by: Anthony D. Kinslow II, Ph.D., CEM | Updated 09/16/2022 by Adrian Guzman
The Heat Island Effect: how it effects our lives, and what we can do about it.
This morning, on the day we celebrate the life of Dr. Martin Luther King Jr. and his leadership in the Civil Rights movement my wife woke me up to the song Glory by Common and John Legend. Hearing this song fills me with a sense of pride of being an African American. I also feel a bit of sadness that there still seems so much further to go. That the impact of the Jim Crow era on African Americans which produced laws and policies such as redlining districts is still being felt today.
The heat island effect is when an area is considerably hotter than the actual temperature. The heat island effect is a phenomenon that comes from a concentration of dark material e.g., asphalt and roofs, combined with a lack of trees for covering. The asphalt absorbs the heat of the day and permeates throughout the night. So, other areas cool down once the sun goes down, heat islands do not. To maintain a comfortable temperature the air conditioner stays on, which also pushes more heat into the surrounding area. A direct impact of hotter neighborhoods is higher energy usage and thus higher energy costs. This is compounded with the fact that buildings in America typically do not have enough insulation. Insulation is what minimizes the impact of ambient temperature on the temperature inside a building.
Reducing heat islands would reduce our carbon emissions as well as reduce the financial burden on those living in areas designated as heat islands. There are three ways to prevent the heat island effect in your neighborhood.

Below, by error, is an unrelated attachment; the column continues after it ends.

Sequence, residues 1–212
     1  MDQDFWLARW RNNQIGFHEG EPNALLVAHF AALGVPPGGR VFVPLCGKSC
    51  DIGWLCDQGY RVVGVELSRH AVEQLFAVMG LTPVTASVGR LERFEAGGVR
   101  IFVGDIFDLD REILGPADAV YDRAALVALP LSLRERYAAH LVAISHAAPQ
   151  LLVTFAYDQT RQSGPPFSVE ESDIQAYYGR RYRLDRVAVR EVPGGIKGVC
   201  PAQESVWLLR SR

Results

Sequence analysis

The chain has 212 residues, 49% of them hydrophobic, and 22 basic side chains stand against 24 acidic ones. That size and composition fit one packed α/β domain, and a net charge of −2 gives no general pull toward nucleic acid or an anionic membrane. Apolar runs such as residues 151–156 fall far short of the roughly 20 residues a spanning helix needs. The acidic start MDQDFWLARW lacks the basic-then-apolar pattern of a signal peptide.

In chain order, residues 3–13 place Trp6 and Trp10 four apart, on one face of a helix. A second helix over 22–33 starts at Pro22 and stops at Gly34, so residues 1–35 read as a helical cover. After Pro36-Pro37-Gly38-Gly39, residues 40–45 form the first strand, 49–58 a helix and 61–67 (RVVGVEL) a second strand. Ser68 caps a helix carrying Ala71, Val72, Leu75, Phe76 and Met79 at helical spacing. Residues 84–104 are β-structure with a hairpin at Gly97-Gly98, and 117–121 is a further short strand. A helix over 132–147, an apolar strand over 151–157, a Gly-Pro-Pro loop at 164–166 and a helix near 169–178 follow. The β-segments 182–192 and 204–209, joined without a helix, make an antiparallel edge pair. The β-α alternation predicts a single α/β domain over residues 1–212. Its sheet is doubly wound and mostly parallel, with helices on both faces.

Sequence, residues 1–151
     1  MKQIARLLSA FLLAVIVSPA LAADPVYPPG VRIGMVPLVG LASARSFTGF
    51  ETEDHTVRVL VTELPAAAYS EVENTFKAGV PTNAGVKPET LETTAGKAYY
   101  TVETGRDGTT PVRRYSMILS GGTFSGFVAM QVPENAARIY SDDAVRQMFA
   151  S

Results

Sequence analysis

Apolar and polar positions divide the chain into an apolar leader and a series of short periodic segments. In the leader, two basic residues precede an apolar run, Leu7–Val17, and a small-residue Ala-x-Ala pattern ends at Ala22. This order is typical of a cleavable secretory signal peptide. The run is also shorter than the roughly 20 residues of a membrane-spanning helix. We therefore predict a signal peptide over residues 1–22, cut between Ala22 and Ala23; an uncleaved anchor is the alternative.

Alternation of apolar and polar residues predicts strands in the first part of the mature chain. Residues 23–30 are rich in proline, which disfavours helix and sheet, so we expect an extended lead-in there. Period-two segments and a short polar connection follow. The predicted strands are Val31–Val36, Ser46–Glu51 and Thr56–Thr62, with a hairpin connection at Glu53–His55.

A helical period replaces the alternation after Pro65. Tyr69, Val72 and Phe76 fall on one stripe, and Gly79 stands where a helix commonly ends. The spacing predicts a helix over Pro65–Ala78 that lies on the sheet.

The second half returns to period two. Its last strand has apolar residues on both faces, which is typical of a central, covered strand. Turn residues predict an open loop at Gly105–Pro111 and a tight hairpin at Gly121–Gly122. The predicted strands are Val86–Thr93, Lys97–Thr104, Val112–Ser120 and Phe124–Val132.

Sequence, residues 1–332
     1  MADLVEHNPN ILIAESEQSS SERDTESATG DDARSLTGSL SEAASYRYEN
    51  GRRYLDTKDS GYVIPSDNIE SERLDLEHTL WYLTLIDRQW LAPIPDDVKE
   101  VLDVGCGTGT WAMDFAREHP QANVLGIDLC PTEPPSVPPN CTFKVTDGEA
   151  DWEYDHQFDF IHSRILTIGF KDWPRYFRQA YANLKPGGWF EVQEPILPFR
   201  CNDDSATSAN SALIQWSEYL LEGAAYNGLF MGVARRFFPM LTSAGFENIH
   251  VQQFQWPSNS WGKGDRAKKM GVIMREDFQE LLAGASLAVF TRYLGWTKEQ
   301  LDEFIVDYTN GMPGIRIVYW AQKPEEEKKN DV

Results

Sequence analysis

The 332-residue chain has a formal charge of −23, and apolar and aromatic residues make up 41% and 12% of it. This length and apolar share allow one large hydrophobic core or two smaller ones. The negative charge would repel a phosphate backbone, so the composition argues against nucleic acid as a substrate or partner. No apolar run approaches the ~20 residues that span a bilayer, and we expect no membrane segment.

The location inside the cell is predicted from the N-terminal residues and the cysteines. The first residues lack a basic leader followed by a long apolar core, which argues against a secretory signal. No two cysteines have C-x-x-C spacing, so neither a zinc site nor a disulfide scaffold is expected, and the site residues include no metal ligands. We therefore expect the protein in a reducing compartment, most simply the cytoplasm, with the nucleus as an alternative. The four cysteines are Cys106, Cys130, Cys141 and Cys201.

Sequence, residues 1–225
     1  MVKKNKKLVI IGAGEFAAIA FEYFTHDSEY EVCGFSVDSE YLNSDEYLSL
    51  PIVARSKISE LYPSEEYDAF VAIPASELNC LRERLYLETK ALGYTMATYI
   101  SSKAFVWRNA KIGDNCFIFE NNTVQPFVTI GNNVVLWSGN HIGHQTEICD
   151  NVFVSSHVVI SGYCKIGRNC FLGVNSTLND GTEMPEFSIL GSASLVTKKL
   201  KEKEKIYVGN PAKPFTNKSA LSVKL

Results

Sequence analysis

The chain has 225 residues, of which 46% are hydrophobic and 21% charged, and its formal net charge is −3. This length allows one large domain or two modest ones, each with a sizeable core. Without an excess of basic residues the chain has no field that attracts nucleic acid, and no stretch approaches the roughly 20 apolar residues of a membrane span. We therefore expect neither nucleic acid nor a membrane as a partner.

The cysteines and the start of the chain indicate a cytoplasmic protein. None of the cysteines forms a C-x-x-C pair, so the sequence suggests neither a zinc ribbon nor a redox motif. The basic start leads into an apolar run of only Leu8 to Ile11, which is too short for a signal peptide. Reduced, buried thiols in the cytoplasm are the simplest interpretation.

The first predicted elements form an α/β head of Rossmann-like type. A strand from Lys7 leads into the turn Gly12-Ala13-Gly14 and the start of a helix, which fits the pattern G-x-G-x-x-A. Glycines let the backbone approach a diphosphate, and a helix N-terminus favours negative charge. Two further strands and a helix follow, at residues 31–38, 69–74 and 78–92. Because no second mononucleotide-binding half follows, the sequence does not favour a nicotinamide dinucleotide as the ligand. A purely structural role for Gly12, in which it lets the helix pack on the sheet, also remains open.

About the author: Anthony D. Kinslow II, Ph.D., CEM - Our Company's Founder & CEO
Dr. Anthony Kinslow: Husband, Father, Son, Friend, Advisor and Mentor.
Anthony Kinslow II, Ph.D., CEM, is the Founder and CEO of Gemini Energy Solutions. Gemini democratizes the small commercial energy audit sector, creating affordable investment-grade energy audits and supporting efforts to increase workforce diversity in the energy efficiency sector drastically. Dr. Kinslow is also a Commercialization and Equity consultant for Clean Energy Works. This nonprofit organization seeks to accelerate private capital utility investments in inclusive clean energy solutions at the grid edge.
Anthony also lectures at Stanford University, where he co-teaches two courses Racial Equity in Energy and Quest for an Inclusive Clean Energy Economy.
His efforts center around accelerating the U.S. transition to a clean energy economy. And he argues that without prioritizing inclusive and affordable solutions for marginalized communities, the transition will be slow, expensive, and inequitable. Dr. Kinslow II's work to drive equity and inclusion extends past his professional responsibilities. For example, the City of San Jose recognized his active involvement in understanding wage theft in the construction industry. Moreover, Dr. Kinslow II's role in designing and implementing Stanford's workforce program has introduced the concept of environmental justice to hundreds of high school students.
In addition to being a Historic Black Church and University (HBCU) alum (North Carolina Agriculture and Technical University (AT&T), Dr. Anthony Kinslow earned his Ph.D. from Stanford University in Civil and Environmental Engineering, where he incorporated Bayesian statistics in building science analysis to improve the cost-effectiveness of energy efficiency programs. His M.S. (Sustainable Design & Construction) was also from Stanford University. In his free time, Dr. Kinslow II enjoys walking trails with his wife, Maria, and his beautiful sons, Marcus and Samuel.
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